JPMorgan, the largest bank in the United States, was hacked over the summer. Earlier this year we saw reports that a hack had potentially occurred and the perpetrators were Russian, and back in August the bank made a statement that it was cooperating with law enforcement officials over the suspected incident, which happened in July.
Just a few days ago, it was revealed that a hack had actually occurred. The damage? 76 million households and 7 million small businesses had their information stolen during the breach.
Interestingly, this comes during a string of other attacks targeting other banking organizations in the United States, and after the attacks on Target and Home Depot.
While JPMorgan states that no financial data has been obtained by the hackers, the user contact information compromised included names, addresses, phone numbers, email addresses and internal customer data. There’s no evidence, however, that account numbers, passwords, user IDs, dates of birth or Social Security numbers were compromised. Further, there has been no fraud seen related to the breach, and JPMorgan has said that customers are not liable for any fraudulent charge.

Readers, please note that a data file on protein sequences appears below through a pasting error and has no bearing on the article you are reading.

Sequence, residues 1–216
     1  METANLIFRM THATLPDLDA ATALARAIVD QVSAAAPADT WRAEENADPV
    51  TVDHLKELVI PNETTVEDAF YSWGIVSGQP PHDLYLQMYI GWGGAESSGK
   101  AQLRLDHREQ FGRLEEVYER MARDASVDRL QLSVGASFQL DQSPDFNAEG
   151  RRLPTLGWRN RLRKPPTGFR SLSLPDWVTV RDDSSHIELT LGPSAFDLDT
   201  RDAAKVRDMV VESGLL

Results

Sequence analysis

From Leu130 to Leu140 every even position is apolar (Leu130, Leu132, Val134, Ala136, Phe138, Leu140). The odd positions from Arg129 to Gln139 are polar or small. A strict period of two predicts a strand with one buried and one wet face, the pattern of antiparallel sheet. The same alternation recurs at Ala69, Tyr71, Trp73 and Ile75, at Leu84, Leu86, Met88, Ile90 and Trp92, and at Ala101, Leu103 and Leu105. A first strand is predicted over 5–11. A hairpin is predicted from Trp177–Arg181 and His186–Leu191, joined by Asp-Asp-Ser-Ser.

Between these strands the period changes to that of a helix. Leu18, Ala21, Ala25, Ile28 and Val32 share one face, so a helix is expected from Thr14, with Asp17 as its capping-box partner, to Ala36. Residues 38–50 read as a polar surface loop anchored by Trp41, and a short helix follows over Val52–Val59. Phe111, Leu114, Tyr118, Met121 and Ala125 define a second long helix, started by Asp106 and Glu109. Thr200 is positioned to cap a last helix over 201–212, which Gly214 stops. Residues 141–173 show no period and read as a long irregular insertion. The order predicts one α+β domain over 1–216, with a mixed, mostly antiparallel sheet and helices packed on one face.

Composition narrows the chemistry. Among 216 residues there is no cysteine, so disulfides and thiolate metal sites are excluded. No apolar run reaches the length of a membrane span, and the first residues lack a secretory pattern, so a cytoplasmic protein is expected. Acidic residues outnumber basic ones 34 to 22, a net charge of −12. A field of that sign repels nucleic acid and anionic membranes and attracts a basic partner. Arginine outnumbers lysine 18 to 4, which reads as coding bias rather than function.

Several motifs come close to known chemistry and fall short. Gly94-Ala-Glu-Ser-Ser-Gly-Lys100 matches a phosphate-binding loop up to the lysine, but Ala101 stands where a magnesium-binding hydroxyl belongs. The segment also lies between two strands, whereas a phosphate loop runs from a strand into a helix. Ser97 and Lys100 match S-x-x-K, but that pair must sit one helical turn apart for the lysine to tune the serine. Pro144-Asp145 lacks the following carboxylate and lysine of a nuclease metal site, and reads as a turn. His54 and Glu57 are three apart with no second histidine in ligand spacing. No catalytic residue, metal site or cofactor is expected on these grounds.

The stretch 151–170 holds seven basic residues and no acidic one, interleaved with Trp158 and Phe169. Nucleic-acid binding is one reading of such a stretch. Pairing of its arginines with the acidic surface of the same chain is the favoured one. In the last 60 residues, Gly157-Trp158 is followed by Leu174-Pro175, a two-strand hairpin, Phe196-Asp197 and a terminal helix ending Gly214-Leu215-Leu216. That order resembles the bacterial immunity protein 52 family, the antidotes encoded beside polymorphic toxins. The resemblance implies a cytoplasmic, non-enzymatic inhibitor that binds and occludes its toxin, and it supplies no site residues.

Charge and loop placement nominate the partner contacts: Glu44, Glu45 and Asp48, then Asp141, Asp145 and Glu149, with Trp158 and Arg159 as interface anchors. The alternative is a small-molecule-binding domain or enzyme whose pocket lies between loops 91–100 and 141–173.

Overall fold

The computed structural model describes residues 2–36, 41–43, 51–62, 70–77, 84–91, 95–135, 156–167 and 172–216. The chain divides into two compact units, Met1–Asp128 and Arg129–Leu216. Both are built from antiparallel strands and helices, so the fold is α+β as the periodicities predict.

Even without any direct banking information being compromised, JPMorgan fears that the hackers will come back with a wave of spear phishing attempts and seeks to push awareness of such an attempt – along with other methods – to the forefront of customer minds.
A JPMorgan official says: “Customers of all banks should be more worried about identity theft, that someone in Eastern Europe or Russia or elsewhere steals your identity to get a credit card to say, buy a car or any other item.”
This person notes that “JPMorgan along with all other banks has teams of workers specifically monitoring both customer credit and debit card accounts to detect and stop fake charges as well as cyber hacking activity.”
Thankfully they, along with the FBI, are working on the case. They had better be.